Like raccoons, kudamundis have a black mask around their eyes.
They also have a long, bushy tail that they use for balance when climbing trees.
One difference between kudamundis and raccoons is that kudamundis are much more proficient climbers.
They have sharp claws that help them grip tree branches, and they can climb head-first down trees.
Raccoons are also good climbers, but they typically climb slower and are not as agile as kudamundis.
Another difference is that kudamundis are mostly insectivores, while raccoons are omnivores.
This means that kudamundis eat mostly insects, while raccoons will also eat plants, small animals, and garbage.
The lesser panda looks similar to a raccoon in both appearance and behavior.
These animals have reddish-brown fur, bushy tails, and black masks around their eyes.
Like raccoons, lesser pandas are good climbers and spend time in trees.
The lesser panda is found in the mountains of central and southern China.
The lesser panda is a threatened species.
Hunting and habitat loss have led to a decline in the population of these animals.
As a result, the lesser panda continues to face significant threats to its survival.
Scientific NameNasuaType of AnimalMammalRangeSouth America
The next animal on our list is the Nasua.
The Nasua is a member of the family Procyonidae, which includes raccoons, olingos, and ringtails.
It is native to Central and South America, and its appearance is similar to that of a raccoon.
The most notable difference between the two animals is the size; Nasua is about twice the size of raccoons.
They also have longer noses and tails, and their fur is usually lighter in color.
The Northern cacomistle is another member of the Procyonidae family.
It is found in Mexico, Central America, and the southwestern United States.
Like the Nasua, it shares many features with raccoons.
However, it is smaller than the average raccoon and has a longer tail.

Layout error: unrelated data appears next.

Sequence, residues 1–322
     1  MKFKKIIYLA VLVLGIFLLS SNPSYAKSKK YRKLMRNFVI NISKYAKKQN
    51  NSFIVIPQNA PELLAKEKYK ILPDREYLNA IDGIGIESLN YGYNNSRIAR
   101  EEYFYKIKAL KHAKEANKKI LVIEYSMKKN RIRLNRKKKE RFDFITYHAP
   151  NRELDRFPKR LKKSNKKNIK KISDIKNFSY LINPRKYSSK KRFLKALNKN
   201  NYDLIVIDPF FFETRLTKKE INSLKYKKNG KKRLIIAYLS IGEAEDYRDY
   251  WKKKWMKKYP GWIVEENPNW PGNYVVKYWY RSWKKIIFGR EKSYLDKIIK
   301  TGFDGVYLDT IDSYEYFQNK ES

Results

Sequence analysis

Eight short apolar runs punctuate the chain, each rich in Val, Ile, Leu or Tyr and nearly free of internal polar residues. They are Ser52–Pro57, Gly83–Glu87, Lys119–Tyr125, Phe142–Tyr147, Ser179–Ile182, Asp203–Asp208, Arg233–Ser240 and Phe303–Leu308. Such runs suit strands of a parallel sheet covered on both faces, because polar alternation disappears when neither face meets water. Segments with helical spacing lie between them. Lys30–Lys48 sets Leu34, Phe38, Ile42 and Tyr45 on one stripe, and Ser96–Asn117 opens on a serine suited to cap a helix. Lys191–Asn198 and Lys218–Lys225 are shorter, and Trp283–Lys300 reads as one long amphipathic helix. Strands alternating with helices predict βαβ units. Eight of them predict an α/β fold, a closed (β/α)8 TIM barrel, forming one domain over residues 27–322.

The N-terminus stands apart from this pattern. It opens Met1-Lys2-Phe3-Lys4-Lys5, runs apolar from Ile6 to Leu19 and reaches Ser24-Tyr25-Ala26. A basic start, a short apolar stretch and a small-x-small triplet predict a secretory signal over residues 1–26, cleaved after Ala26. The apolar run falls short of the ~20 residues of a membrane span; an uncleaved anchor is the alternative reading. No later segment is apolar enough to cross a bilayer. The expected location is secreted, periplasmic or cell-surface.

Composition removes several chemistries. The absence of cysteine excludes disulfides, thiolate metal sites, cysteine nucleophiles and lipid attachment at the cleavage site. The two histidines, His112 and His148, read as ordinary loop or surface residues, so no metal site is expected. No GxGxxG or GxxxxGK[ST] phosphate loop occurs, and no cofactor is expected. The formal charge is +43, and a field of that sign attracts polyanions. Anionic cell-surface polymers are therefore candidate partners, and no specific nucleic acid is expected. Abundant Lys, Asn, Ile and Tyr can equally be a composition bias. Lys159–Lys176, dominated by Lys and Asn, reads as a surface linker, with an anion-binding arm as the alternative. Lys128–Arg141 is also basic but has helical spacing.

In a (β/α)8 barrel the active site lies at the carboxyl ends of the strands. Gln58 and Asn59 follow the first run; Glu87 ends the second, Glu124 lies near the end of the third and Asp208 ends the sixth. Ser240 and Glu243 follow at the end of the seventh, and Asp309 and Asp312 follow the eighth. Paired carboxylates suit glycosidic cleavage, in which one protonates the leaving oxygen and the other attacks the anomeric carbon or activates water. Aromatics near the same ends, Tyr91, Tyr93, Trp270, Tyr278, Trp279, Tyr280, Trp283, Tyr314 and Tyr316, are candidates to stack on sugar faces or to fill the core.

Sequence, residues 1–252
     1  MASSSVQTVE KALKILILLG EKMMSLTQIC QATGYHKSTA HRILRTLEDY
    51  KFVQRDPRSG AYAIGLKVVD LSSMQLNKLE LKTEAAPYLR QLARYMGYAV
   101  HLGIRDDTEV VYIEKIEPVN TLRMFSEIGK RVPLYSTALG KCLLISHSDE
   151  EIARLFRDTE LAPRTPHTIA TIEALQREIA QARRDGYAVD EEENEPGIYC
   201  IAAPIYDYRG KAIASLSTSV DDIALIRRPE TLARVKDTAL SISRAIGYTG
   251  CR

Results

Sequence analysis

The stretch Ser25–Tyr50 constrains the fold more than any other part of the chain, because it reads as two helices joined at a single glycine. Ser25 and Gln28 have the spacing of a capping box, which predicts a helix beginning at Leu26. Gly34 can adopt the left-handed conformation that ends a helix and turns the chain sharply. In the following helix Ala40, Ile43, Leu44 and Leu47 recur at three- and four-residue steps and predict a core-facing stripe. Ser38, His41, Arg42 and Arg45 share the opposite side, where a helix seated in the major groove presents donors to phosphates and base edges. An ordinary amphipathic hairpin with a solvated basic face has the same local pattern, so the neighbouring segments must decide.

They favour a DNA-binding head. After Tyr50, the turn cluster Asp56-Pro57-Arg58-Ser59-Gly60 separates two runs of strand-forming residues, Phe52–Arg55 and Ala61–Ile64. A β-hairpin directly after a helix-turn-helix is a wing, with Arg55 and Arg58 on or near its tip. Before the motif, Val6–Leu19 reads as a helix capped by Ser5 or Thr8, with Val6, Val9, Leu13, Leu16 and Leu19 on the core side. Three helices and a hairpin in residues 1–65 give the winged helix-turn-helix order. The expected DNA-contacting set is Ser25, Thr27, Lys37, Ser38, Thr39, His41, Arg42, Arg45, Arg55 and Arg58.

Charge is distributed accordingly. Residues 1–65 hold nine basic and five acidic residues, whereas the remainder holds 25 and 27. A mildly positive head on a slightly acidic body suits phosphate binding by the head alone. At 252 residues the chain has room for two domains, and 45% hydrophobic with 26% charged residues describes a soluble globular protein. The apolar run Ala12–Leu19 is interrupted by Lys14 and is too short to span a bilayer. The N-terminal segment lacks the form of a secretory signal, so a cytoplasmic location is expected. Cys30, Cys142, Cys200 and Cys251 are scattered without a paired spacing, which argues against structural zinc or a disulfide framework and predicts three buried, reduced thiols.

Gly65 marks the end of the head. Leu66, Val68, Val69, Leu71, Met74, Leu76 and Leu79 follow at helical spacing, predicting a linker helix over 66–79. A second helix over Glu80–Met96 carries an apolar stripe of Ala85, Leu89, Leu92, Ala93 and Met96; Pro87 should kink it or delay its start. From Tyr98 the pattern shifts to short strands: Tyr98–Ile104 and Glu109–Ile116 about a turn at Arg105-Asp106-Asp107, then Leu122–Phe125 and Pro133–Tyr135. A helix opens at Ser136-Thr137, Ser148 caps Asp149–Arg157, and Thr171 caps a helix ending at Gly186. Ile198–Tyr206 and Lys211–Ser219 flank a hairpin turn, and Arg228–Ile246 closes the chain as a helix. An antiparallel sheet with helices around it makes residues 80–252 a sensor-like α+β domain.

The Northern cacomistle is nocturnal and arboreal, meaning it sleeps in trees during the day and comes out at night to look for food.
It is an omnivore, eating both plants and animals.
It is an omnivore, eating both plants and animals.
Read Also: Are Raccoons Omnivores?
Scientific NameBassaricyonType of AnimalMammalRangethe jungles of Central and northern South America
The olingo is a nocturnal animal that is closely related to the raccoon.
They are found in the tropical forests of Central and South America.
Olingos have long, bushy tails and dark fur with light-colored bands.
Their faces are also similar to raccoons, with large eyes, furry ears, and a black “mask” around their eyes.
While olingos do look like raccoons, there are some notable differences.
For one, olingos are much smaller than raccoons.
They also have different diets; while raccoons are omnivorous, olingos primarily eat fruit.
This small mammal is native to the Andean regions of South America and can be found in countries like Ecuador, Colombia, and Peru.
The olinguito is the smallest member of the raccoon family and looks similar to a cross between a teddy bear and a house cat.
They have large eyes, furry tails, and round faces with black masks around their eyes.